Adding a springs to the Yaesu ATAS-120a Antenna.

The following photos and captions tell how to modify a Yaesu ATAS-120a Screwdriver Antenna to accept a small spring between the whip and the top of the main coil. It does not effect tuning and it gives some flexibility as it makes it easier to change out the whip sections or to connect a long wire to the coil in place of the whip. At the present time, I think the ATAS-120a is quite possibly the best buy for the money on the market to put on a Yaesu FT-857d. I have heard and read many good and bad experiences. So far, my experience has been all good as have the vast majority of the comments I have read. Yaesu seems to have cured the main complaint of the older ATAS-120 in the newer version. with the installation of a weather boot on the top of the antenna coil. The modification I describe here, IMO, will increase the water resistance of the boot by making a compression of the boot where the spring attaches to the coil.

However, there are several problems that Yaesu either has not considered or has no desire to change. The first is the flexibility of the whip they include with the coil. It is thin and made of soft stainless steel with a tendency to bend easily and stay bent. I found that the whip could easily be straightened with without tools but it would soon bend again. Also, I found that the main coil was really rigid and was in constant danger of being broken by a tree limb when mounted high on the vehicle. I cured the first problem with the mod described in this photo gallery. I am still working on modifying a large antenna spring for UHF connectors to allow for some give to the coil assembly if it impacts a rigid object such as a large tree limb or too small garage door opening.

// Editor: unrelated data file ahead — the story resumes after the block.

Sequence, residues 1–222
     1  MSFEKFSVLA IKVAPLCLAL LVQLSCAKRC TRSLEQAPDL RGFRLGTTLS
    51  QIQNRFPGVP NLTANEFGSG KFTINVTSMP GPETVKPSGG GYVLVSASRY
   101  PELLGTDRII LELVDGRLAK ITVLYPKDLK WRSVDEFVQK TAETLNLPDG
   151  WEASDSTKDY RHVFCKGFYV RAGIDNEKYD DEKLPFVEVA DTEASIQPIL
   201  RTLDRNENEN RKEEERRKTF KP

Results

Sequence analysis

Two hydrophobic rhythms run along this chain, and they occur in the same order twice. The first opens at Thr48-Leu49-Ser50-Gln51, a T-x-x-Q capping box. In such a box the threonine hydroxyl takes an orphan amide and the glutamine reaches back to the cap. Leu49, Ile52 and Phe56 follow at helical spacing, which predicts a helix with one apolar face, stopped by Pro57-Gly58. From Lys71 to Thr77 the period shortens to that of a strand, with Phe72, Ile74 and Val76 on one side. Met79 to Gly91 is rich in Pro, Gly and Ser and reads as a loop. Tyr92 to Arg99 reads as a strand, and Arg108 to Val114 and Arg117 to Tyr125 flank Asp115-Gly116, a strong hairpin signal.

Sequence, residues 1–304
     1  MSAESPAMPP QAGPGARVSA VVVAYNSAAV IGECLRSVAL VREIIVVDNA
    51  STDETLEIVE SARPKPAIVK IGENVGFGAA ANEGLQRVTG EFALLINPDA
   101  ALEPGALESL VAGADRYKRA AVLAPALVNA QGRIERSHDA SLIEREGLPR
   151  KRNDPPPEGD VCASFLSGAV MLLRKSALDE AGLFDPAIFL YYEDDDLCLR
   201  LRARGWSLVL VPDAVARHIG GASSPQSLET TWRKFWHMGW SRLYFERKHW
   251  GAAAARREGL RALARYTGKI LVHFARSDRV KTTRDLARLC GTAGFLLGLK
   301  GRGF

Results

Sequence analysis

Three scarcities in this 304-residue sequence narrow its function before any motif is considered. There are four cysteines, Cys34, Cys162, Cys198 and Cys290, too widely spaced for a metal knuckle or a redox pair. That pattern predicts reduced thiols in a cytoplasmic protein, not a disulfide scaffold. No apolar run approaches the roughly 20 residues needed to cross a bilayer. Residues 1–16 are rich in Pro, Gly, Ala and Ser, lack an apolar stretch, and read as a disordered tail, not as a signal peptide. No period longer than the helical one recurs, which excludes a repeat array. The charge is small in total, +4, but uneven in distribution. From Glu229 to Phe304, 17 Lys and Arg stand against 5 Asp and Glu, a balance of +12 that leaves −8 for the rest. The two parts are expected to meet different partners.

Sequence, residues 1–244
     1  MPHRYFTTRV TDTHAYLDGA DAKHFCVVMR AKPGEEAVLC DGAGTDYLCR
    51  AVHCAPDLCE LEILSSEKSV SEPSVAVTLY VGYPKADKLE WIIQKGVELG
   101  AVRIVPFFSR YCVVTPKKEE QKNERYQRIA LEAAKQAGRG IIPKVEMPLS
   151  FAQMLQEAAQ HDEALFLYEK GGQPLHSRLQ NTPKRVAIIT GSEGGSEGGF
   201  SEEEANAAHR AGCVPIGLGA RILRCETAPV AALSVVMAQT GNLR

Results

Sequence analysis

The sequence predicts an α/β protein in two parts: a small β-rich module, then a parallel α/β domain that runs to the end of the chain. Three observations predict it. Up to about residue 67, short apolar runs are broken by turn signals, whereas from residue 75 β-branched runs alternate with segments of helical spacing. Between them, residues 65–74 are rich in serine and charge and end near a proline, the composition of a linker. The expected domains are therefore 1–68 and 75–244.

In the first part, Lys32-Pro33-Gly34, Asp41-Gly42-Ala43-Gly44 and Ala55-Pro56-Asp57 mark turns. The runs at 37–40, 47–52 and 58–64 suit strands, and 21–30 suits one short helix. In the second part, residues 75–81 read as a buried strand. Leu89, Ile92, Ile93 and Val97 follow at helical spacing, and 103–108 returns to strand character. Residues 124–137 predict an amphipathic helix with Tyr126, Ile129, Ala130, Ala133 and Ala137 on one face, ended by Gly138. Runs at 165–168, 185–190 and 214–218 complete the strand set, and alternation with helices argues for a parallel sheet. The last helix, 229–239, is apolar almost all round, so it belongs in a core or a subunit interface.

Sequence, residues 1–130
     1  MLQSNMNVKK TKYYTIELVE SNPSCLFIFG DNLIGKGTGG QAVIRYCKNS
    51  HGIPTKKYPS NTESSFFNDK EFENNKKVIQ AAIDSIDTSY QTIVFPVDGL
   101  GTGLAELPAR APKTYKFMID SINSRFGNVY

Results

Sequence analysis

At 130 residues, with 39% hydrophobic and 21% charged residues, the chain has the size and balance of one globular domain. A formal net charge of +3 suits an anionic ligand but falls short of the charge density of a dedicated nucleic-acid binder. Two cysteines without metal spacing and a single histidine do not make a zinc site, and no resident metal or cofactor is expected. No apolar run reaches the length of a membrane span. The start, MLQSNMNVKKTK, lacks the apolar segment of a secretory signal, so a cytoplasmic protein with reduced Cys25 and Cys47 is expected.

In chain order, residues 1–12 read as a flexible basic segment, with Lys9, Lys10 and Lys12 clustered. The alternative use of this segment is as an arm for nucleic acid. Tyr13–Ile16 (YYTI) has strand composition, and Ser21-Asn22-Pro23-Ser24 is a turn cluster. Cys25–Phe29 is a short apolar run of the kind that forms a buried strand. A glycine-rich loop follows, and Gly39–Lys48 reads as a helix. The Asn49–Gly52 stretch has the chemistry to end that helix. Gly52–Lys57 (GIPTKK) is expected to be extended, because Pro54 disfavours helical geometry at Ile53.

The spring that I chose is a readily available small spring that was manufactured for many years by Antenna Specialists for their CB and commercial antennas. The Antenna Specialists K-126 Standard Replacement Spring is the spring I chose for mounting to my ATAS-120a. It is still manufactured so it can be purchased new. While I used an Antennex whip, the Antenna Specialist whip is also a high quality whip that will work well for this mod. The spring has also been copied by many other manufacturers for similar antenna designs and should be readily available at many garage sales and hamfests. It has a 1/4 x 20 stud for mounting the spring to an antenna and a stud with set screw on top to accept a whip.

If you decide to make this modification, you do so at your own risks! If you are unsure of your abilities with tools, don't attempt the modification. Find someone who you trust who has known abilities. This mod has worked very well for me, but I must add that I take no responsibility for how it will work for you. Remember, you are modifying a $300.00 antenna and the warranty could be voided by the mod. In my case, the possible loss of warranty is more than outweighed by the better survivability of the antenna in my rural environment.

Whip Spring Project (html)

Base Spring Project (html)

My Mobile Installation (html)

Whip Spring and Base Spring (pdf)

Remote Tool Box Lid Opener (under construction)

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